- a relatively short, independent instrumental composition, free in form and resembling an improvisation.
- a piece that precedes a more important movement.
- the overture to an opera.
- an independent piece, of moderate length, sometimes used as an introduction to a fugue.
- music opening a church service; an introductory voluntary.
verb (used with object), prel·ud·ed, prel·ud·ing.
verb (used without object), prel·ud·ed, prel·ud·ing.
Origin of prelude
Synonyms for prelude
Examples from the Web for preluded
Historical Examples of preluded
The dawn had been preluded by the awakening chirrups of songsters in the wood.Across the Equator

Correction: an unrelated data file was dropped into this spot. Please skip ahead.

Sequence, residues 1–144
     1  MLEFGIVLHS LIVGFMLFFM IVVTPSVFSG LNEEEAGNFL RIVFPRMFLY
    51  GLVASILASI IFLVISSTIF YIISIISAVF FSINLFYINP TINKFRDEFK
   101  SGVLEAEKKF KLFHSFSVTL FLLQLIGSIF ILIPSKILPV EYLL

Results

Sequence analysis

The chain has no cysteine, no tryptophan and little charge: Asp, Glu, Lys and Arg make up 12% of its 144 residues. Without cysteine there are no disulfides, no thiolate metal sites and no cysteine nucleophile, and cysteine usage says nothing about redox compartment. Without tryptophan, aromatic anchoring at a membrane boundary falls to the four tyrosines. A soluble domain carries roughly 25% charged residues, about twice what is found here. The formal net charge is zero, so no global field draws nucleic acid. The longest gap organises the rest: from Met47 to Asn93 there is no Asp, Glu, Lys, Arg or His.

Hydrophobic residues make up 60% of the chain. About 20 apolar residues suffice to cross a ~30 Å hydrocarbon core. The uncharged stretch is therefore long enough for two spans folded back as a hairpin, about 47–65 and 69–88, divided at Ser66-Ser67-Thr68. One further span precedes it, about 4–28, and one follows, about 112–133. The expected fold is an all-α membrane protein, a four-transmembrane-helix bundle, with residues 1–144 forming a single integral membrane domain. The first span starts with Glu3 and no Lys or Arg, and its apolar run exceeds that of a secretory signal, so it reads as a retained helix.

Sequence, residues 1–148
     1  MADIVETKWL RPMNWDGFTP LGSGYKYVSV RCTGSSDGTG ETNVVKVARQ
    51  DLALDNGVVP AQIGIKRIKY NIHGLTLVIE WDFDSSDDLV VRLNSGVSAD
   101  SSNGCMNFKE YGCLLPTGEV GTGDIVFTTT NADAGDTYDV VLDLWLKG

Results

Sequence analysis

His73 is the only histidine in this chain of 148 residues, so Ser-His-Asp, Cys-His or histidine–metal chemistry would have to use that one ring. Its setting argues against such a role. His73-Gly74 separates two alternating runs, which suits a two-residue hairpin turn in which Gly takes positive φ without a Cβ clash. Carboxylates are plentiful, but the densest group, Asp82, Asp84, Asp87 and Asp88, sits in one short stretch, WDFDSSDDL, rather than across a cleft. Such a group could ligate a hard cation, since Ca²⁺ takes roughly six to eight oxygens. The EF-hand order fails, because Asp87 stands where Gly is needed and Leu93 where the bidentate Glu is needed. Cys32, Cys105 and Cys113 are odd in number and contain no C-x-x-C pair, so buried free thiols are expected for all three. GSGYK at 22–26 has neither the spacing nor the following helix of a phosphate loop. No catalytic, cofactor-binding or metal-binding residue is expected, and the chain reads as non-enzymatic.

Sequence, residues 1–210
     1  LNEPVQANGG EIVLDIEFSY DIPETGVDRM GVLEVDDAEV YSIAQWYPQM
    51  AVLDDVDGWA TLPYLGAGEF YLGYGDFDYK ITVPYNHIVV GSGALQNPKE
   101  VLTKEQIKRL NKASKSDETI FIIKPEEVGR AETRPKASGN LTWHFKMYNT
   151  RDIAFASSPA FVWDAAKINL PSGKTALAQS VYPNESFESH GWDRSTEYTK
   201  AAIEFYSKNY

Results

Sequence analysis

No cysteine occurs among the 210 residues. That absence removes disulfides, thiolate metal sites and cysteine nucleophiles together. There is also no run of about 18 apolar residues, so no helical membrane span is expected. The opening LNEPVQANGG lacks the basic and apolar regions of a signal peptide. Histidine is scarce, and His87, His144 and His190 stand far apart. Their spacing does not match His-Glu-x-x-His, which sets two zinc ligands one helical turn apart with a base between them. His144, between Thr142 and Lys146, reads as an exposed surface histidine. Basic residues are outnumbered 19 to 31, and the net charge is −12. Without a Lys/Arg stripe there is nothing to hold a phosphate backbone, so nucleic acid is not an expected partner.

Thomas H. Reid
And Dennis recognised the short laugh that preluded the reply.With Haig on the Somme
D. H. Parry
Suddenly he heard the long, rumbling sigh which preluded the chairman's speeches.Five Tales
It was the only way in which I could account for the spasm which preluded that last fit of coughing.My Friend Smith
Talbot Baines Reed
Selim preluded his campaign by an insolent letter to Shah Ismail.The Turkish Empire, its Growth and Decay
- a piece of music that precedes a fugue, or forms the first movement of a suite, or an introduction to an act in an opera, etc
- (esp for piano) a self-contained piece of music
Word Origin for prelude
1560s, from Middle French prélude "notes sung or played to test the voice or instrument" (1530s), from Medieval Latin preludium "prelude, preliminary," from Latin praeludere "to play beforehand for practice, preface," from prae- "before" (see pre-) + ludere "to play" (see ludicrous). Purely musical sense first attested in English 1650s. Related: Prelusion.